“The first question which the priest and the Levite asked was: ‘If I stop to help this man, what will happen to me?’ But…the good Samaritan reversed the question: ‘If I do not stop to help this man, what will happen to him?”
― Martin Luther King Jr.
God will always bring you to a point of having to get past yourself when it comes to helping people who are in real need. The parable of the Good Samaritan addressed the question, “Who really demonstrates what it means to love your neighbor?” The religious establishment spent its energy trying to help people determine who was and wasn’t actually considered a neighbor. They ended up teaching all the different ways it was possible to NOT live out your faith.
Jesus used this story to demonstrate that God’s love was to be extended to everyone, even the least of these, even when it came at a cost. Helping people who suffer, especially when it comes at a cost, is one of the most essential ways we come to fully understand our own beliefs about God.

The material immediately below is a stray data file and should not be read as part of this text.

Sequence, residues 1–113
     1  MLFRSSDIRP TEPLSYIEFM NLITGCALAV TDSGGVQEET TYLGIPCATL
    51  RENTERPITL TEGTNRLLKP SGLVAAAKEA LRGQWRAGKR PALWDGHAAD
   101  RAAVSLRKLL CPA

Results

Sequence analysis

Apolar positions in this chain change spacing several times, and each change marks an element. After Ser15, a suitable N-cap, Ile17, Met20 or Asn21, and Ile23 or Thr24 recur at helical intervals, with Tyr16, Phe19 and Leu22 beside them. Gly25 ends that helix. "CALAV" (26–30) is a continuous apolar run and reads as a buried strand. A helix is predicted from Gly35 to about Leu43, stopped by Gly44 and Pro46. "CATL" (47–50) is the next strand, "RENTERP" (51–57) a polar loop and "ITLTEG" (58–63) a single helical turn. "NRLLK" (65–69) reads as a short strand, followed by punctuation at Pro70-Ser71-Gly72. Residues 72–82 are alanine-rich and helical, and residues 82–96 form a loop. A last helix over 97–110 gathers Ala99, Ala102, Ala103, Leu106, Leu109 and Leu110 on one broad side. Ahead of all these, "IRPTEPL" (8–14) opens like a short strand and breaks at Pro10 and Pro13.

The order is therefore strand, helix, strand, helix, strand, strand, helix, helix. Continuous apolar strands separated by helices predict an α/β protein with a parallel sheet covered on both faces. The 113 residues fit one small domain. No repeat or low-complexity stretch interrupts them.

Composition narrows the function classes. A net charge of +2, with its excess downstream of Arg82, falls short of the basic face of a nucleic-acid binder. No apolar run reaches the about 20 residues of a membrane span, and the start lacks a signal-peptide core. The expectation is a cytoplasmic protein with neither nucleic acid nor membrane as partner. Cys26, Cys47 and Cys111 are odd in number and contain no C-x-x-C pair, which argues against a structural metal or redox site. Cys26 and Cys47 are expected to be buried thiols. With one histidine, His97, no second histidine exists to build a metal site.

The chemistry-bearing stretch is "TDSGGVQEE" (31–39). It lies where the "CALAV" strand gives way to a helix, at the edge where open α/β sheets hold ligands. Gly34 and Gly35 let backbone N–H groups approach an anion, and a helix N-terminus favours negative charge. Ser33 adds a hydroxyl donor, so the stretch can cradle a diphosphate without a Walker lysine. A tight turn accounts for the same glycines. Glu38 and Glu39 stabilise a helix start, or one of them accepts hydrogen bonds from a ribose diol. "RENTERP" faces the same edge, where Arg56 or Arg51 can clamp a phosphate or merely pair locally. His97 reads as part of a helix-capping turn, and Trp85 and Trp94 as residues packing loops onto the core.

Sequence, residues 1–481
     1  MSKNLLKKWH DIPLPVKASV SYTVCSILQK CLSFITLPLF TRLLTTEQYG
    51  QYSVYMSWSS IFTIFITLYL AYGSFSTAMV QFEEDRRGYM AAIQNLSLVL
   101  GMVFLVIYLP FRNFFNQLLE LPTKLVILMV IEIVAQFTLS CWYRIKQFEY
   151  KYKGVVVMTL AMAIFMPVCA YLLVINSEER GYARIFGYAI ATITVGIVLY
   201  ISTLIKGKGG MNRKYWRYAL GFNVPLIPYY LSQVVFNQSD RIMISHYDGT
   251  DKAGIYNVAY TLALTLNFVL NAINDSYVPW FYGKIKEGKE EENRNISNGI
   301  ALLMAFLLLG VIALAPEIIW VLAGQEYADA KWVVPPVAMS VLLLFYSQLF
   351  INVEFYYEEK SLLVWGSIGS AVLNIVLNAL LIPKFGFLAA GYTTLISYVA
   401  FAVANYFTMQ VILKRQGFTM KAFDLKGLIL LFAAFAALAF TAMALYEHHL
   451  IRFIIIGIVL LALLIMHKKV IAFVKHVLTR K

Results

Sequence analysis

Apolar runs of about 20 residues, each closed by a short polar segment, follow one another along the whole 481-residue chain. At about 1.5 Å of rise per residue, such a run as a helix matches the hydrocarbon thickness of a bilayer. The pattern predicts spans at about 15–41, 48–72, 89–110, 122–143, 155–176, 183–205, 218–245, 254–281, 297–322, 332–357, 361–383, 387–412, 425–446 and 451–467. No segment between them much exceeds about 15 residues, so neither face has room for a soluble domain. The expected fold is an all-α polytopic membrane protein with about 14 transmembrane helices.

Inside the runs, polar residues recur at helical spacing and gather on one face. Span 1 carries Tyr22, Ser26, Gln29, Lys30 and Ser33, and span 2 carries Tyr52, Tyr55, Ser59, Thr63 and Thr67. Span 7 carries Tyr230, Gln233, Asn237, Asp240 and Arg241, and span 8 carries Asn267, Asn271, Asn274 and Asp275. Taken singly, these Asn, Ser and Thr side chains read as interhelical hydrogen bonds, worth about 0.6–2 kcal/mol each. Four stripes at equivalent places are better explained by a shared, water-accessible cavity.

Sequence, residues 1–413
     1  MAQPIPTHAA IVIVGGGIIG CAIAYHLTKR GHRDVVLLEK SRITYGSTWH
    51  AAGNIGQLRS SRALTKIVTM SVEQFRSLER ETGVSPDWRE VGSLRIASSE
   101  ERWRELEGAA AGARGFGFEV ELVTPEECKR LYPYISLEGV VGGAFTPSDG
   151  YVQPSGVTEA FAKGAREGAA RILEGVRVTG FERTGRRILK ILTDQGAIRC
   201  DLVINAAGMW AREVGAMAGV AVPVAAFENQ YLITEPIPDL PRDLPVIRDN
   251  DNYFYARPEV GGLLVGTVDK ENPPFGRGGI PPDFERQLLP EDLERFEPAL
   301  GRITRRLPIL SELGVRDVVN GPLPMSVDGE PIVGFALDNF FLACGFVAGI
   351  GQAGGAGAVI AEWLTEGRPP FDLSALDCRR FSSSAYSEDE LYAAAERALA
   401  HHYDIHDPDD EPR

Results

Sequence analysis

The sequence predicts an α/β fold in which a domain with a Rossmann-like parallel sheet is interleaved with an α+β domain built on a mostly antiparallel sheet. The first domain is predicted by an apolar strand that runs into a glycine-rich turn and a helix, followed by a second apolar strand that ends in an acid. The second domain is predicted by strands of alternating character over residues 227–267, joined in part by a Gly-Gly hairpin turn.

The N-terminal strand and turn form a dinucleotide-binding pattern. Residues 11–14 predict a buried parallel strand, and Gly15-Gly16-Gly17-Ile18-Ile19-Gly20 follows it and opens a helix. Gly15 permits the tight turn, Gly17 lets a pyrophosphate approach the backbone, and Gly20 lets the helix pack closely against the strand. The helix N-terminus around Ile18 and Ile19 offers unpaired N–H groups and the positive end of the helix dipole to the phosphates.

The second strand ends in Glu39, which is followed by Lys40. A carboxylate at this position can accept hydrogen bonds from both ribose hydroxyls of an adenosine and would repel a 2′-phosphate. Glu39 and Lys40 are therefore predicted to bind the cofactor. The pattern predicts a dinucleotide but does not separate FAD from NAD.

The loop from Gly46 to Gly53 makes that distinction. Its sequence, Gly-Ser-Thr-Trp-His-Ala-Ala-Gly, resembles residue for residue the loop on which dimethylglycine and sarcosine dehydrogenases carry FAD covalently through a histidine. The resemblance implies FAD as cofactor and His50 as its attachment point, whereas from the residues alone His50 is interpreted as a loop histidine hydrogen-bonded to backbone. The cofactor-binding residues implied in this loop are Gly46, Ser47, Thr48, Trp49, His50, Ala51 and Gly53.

The suffering of others can get overwhelming. It can discourage and depress when it doesn’t seem to end. Especially when we don’t know what to do, how to fix it, the right words. One word for it is Compassion Fatigue. Typically this is used to describe people who are directly involved with others who are suffering. Sometimes, networks of family and friends can start to feel drained and at a loss as the suffering of a loved one continues and there doesn’t seem to be an end in sight.
The Good Samaritan lived out loving his neighbor, even as a despised outcast, by putting his money and time where his faith was. He demonstrated his belief and was willing to go even farther by promising to return and continue to fund the recovery. Sometimes recovery comes at a greater cost than we imagined:
- You have to be faithful and follow up
- People have emotional needs that they’re not even aware of
- Stop asking, just do something that you’d want done for yourself
- Every little thing really does count
- You don’t have to be friends to be a Good Samaritan
- Don’t stop praying, pray right now, send a prayer
“They never fail who die in a great cause.” – George Gordon Byron
The greatest cause you can commit to each day is to find a way to love your neighbor in a real way that matters. You will soon learn that if you make this commitment you and most of your own problems will begin to disappear.